The Memory of Flames is a three book fantasy series by Stephen Deas that I had great hopes for. I had found it on the fantastic fiction website, a site I like to use to look up author info without the possibility of spoiler reviews getting in the way. A neat bonus is that there is a little blurb at the bottom of every authors page that has books they are reputed to recommend, as well as readalikes if you click on the write-up for each book. Book two of this series was on Joe Abercrombie’s fantastic fiction page as was Splintered Gods, a different book in the same world (but a different series) also by Stephen Deas, so I thought what the heck, I love Joe Abercrombie so maybe I’ll like what he’s reading too, never mind that the blurb was the same for both books.
It was silly to think that something an author reads would be like what he writes, but I think that was actually the expectation that I had. Yet, aside from being in the same genre, and having some pretty strong characterization, and even a bit of the same snide humour, it really wasn’t the same. So, in a way, I was setting myself up for disappointment, since Stephen Deas isn’t Joe Abercrombie (who is my most recent favourite fantasy author), but really, enough about him already. He’s awesome, and after this review, you probably get it by now. On to The Memory of Flames series!
Stephen Deas first book in this series, and his first published novel, The Adamantine Palace, was pretty solid. I think it was the best book of the series, and did a great job of weaving political intrigue with a large cast of interesting and often despicable characters. ***SPOILER ALERT***When the ageless reincarnating mind reading dragons came in I loved it. I couldn’t wait to see where this went, so immediately went to book 2 with super lofty expectations.
Now, book 2, The King of the Crags, wasn’t as dragony as I hoped, and they were the characters I cared about, the humans ones…well…they were well developed, had good dialogue, and like humans everywhere…were mostly kind of mean. Now, don’t get me wrong, I like characters who do bad things, but I guess I need them to redeem themselves, not the whole way, but just enough to still like them, because then I can justify caring what happens to them. The problem was I didn’t care about them the same way I cared about the dragons.The dragons, however, I quickly realized, were nothing like I hoped they would be. I wanted them to be characters, and although they did communicate, so far they were turning out to just be monsters too.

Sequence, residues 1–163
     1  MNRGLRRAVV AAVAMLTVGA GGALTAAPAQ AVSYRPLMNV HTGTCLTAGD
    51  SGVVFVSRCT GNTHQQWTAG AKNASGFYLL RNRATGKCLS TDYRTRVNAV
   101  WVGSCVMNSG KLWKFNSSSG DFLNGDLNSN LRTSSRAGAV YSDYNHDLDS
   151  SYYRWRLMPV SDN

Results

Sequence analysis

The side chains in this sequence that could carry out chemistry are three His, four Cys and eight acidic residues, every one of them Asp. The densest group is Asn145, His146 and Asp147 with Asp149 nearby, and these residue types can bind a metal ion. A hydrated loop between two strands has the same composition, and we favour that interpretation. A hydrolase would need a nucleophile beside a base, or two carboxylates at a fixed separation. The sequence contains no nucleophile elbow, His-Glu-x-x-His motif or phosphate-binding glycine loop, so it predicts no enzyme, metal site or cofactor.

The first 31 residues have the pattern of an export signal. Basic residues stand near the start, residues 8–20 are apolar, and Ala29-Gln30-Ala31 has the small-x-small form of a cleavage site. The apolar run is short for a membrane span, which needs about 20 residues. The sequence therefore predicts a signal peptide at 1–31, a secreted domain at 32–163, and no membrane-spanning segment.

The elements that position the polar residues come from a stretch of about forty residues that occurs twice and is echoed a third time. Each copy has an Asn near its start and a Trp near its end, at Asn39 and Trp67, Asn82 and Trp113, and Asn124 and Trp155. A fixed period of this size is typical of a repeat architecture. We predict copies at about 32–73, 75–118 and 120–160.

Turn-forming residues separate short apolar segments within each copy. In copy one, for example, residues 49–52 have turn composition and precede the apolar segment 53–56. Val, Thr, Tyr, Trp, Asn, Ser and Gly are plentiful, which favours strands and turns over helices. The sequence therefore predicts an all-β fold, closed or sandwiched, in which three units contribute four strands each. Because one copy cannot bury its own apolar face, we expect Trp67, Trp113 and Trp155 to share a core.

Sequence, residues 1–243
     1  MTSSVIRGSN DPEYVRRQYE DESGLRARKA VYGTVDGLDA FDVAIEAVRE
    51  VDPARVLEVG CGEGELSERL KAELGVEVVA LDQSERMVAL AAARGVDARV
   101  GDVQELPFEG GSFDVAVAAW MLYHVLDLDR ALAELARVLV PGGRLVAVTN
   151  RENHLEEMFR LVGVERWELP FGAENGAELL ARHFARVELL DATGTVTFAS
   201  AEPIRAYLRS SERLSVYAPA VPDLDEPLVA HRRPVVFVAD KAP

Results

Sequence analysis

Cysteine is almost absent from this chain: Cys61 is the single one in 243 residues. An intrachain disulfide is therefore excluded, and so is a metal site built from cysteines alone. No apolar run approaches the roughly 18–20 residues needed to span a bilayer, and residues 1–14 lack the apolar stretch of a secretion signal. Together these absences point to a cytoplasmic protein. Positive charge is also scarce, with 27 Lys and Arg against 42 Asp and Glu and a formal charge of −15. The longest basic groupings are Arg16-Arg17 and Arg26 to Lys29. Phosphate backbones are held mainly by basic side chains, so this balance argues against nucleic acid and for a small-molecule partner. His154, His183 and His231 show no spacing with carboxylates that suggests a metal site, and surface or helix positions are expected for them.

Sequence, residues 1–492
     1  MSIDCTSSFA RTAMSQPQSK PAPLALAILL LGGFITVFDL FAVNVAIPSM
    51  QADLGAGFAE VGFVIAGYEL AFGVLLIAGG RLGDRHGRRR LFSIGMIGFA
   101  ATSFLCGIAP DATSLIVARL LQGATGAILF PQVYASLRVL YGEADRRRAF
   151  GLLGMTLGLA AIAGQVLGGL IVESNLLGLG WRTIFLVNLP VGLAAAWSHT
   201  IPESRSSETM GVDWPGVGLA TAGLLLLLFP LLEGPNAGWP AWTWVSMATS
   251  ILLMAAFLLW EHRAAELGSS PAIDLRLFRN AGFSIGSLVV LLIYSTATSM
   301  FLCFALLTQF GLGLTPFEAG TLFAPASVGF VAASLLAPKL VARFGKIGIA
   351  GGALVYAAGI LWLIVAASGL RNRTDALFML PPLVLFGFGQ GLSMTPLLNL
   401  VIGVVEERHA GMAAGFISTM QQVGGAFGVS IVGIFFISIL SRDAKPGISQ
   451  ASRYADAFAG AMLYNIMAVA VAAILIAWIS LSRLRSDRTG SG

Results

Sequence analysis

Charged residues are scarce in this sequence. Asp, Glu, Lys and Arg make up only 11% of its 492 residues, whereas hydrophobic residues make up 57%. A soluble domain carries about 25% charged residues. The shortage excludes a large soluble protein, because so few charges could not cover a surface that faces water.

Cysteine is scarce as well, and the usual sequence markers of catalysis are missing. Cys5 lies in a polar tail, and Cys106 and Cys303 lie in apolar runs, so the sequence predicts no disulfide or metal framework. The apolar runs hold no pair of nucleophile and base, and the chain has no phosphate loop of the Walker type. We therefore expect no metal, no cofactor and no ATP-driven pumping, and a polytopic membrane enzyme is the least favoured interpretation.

In book 3, The Order of the Scales, I was hoping for transformation. I didn’t get it. This disappointed me. I understood that he wanted the dragons to be monsters, and I love monster stories, but it didn’t ring true enough for me, or maybe it rang too true…I’m not sure. They were eternal beasts that lived basically forever but were about as cerebral as two year olds. There was no wisdom, only instinct and emotion, and frankly, that means I found no depth or redeeming qualities. If Frankenstein’s monster did not have something you loved, pitied, or could empathize with about him, well, it would suck. At the end, I kinda felt that way about these books. I wanted more. I wanted just a little glory, a little redemption somewhere. Instead I felt cheated. I wanted fantasy, but I got the real world. *Sigh*
The thing is, my disappointment aside, these were pretty good books. (Heh, confused yet?) If I could have released my expectations over what I wanted to happen, I probably would have enjoyed them more. So, maybe in the end I was more invested than I thought. There is another 4 book series he’s written called the Silver Kings, that picks up after this, using some of the same characters and the same world. I have to admit, I’m still intrigued, nay, maybe hopeful, that this next group of books might do what these ones didn’t. I’m not sure I want to risk it though. I’m not sure if it’s just that I refuse to give up hope that the story I want is in there somewhere…or I’m just a sucker for punishment…
Have read these? What did you think?